The loudest critical voices with the boldest statements tend to be the ones that haven't used the camera or lenses (per usual for the internet). A lot of this is coming from a place of “old guard” thinking based on how Canon and Nikon structured their own lineup with faster/more exotic glass being the "pro" lenses and slower apertures representing "consumer" grade lenses… in their eyes. It's a huge reason why some people gave Nikon "grief" for introducing f/1.8 lenses or balk at Sony pricing the 55/1.8 at $999 at launch when their old "nifty 50" only costs them $150… well all lenses aren't created equally but I'd concede ANY argument that there is a point of diminishing returns as you go into higher end in ANY market. A Mercedes or BMW isn't three times as reliable as your average Honda, Nissan, Toyota, etc. but you pay for prestige, a level of luxury, the name, and the premium service experiences. The Lumix S Pro 50/1.4 will likely approach or maybe even exceed Zeiss Otus performance but the Sigma Art 50 comes close too. In the end my recommendation no matter the brand is to is to pick what works for you but I will say this - going forward, expect higher prices for Mirrorless camera system lenses due to the fact that many are designed to be optimal for both photo AND video. No one that I'm aware of (besides maybe Sony thus far) has kept this part of mirrorless lens design for hybrid shooters in mind like Panasonic. As Canon, Fujifilm, Leica, Sigma, and Nikon grow their Mirrorless systems just know that silent operation, quicker acquisitions, and smoother focusing with linear motors for video will become a more important factor in the designing process.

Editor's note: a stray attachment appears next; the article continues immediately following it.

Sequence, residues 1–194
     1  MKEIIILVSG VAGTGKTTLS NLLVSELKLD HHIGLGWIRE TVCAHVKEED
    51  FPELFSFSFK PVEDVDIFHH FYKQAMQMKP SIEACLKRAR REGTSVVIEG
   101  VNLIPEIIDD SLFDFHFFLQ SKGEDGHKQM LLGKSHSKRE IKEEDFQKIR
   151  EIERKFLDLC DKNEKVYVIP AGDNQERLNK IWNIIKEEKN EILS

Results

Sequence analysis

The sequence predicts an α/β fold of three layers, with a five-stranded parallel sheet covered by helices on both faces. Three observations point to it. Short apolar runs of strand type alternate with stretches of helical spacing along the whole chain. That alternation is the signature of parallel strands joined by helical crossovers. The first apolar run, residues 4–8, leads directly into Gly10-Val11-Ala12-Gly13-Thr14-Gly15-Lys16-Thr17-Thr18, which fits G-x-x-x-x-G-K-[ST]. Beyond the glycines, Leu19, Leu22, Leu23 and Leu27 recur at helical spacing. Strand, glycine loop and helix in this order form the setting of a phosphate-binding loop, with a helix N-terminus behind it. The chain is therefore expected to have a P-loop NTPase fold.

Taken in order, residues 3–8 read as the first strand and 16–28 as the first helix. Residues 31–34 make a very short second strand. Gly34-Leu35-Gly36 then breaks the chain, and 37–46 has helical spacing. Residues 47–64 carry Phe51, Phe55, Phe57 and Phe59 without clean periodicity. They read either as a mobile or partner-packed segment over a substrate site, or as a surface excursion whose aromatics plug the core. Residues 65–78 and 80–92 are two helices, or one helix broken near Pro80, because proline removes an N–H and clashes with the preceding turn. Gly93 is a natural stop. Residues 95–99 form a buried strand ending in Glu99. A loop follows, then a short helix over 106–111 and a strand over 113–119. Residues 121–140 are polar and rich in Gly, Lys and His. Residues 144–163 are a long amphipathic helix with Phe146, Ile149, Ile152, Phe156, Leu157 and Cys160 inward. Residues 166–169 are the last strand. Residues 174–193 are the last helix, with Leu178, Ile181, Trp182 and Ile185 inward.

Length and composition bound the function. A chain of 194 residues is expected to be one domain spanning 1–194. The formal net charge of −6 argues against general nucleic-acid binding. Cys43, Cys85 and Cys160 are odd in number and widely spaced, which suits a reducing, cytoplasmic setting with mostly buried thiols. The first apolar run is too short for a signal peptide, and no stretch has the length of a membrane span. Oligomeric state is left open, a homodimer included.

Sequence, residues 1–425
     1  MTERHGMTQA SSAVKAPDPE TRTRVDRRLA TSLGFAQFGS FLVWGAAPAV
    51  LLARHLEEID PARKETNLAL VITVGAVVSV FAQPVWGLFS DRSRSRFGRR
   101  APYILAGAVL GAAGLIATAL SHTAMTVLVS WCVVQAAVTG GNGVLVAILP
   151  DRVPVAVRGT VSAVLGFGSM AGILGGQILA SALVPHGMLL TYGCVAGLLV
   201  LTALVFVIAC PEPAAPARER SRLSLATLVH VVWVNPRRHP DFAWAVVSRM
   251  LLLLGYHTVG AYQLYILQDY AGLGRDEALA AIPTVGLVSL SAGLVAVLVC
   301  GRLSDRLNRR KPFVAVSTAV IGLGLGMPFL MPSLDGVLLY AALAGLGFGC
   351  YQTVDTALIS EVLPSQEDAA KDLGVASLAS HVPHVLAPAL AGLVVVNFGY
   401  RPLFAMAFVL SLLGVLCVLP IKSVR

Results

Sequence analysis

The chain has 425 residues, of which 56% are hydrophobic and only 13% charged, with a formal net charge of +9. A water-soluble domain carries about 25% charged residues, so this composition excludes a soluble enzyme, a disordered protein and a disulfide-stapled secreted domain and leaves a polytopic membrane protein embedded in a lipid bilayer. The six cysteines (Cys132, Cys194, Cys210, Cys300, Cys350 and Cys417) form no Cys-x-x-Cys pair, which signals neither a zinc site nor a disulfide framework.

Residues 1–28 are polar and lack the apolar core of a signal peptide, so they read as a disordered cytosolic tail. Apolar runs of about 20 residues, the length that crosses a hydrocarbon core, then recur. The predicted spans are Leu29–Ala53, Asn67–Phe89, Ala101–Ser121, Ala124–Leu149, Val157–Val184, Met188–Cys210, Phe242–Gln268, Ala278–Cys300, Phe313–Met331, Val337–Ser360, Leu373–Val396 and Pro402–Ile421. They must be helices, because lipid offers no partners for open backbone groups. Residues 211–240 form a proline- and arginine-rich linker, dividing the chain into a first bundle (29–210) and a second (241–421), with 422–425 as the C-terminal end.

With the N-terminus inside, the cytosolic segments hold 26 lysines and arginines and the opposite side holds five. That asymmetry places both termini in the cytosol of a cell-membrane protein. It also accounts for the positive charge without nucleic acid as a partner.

Regarding the pricing on the body and lenses, We can possibly assume there's possibly a "L-Mount licensing tax/fee" that Panasonic and Sigma would likely have to pay Leica to remain within the alliance. It is what it is and the price is the price. If one can afford it then great but if not there are other capable FF options from other companies. For the more successful professional photographers (the primary intended market), the costs aren’t out of line with what one should expect in this market for lenses designed for hybrid photo and video while being able to resolve detail for high megapixel sensors.